Occlusion concentrates the effects of the
moisturiser and topical steroid, by
improving percutaneous absorption. It is
also a useful way of softening areas of
hyperkeratosis.
Using potassium permanganate (KMN04)
to weepy areas.
This is an astringent oxidizer, which is
used for its cleansing/antiseptic effects and
for its drying effects on weepy skin. It can
be an irritant and care must be taken to
dilute it and use correctly.

Page 28 of 33
Appendix I
Rationale for the treatment and management of hand and foot eczema

Action Rationale
Using wet wraps or paraffin gauze
dressings.
Often used to control itch scratch cycle.
They are not suitable for infected eczema.
They involve applying a warm, moist
tubifast covering over skin treated with
emollient and a mild topical steroid. This
creates a cooling effect through
evaporation, rehydration via emollients,
protection from scratching, allowing
excoriations to heal and improved steroid
absorption. If there are multiple raw areas
then multilayered paraffin gauze may be
required to provide comfort and allow
healing to occur.
Recommending oral antihistamines. These can be useful short term to relieve
pruritis and may help to break an itch
scratch cycle, particularly if scratching is
occurring in the sleep. Depending on
choice they can have a sedative effect.
Observe for signs of secondary infection. There are many topical agents available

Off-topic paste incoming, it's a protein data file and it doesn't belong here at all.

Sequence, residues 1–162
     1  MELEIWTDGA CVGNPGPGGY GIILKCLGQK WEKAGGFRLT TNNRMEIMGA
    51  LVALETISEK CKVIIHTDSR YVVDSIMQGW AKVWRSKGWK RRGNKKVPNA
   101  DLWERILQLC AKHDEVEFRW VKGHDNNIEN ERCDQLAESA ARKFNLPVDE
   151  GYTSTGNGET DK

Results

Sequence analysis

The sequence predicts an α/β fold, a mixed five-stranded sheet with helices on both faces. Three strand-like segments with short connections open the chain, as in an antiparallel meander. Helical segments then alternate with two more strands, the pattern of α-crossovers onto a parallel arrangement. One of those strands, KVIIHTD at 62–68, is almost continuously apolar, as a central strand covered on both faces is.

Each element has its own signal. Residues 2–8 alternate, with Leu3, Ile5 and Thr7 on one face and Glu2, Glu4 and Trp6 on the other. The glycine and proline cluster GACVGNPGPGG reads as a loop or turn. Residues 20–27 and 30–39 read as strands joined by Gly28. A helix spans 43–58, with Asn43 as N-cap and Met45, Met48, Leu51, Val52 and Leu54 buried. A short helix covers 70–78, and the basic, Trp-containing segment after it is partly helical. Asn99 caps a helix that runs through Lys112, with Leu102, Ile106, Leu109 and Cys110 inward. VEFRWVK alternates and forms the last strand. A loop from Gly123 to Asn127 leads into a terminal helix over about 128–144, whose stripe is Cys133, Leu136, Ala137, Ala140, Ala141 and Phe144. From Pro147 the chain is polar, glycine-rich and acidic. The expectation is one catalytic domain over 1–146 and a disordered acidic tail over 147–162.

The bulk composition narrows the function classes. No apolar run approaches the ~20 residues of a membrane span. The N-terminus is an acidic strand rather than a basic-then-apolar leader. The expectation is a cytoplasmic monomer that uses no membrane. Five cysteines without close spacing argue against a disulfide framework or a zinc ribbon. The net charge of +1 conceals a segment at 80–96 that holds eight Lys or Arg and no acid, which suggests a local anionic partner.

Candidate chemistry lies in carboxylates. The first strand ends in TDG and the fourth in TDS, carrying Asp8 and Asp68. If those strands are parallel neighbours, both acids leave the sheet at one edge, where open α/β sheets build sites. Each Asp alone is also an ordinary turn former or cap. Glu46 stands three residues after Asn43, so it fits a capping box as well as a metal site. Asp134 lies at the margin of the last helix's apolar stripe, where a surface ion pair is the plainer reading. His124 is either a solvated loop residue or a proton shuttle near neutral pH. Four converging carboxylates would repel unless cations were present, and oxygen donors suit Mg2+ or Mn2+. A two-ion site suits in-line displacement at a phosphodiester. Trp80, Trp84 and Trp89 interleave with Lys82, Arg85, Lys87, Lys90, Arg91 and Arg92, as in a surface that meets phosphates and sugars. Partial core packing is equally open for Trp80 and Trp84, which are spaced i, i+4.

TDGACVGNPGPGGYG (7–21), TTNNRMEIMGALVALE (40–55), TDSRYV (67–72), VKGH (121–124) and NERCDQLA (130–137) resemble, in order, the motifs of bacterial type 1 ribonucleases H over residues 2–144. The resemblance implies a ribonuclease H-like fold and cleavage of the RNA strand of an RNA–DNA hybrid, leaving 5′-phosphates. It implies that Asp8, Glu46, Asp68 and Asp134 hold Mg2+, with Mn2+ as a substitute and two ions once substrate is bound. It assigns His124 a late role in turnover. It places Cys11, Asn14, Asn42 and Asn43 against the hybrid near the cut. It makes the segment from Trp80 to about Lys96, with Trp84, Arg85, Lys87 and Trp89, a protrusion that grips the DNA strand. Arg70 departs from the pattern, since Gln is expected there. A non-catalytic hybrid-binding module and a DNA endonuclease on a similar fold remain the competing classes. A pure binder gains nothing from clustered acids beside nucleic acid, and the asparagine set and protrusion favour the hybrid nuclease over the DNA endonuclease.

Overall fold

that have antimicrobial properties. These
may be useful in the management of
localized infection, however if there is
generalized infection then systemic
antibiotics may be necessary. A moist skin
swab should be taken to clarify antibiotic
sensitivity.
It is vital to be aware of the potential of
viral and fungal infections. (See table 6).
Using occlusion to thicker lichenified areas. Occlusion concentrates the effects of the
moisturiser and topical steroid. It is a
useful way of softening areas of
hyperkeratosis.

Page 29 of 33
Appendix I
Rationale for the treatment and management of hand and foot eczema

Methods of patient review and discharge planning

Action Rationale.
Review patients regularly whilst
undergoing treatment.
To assess efficacy of treatment.
Provide support and encouragement –
clearance may take 12 weeks or more, if
morale is poor, compliance may also
suffer.
To provide a forum for patient education.
Assess and record the skin’s appearance
at each visit.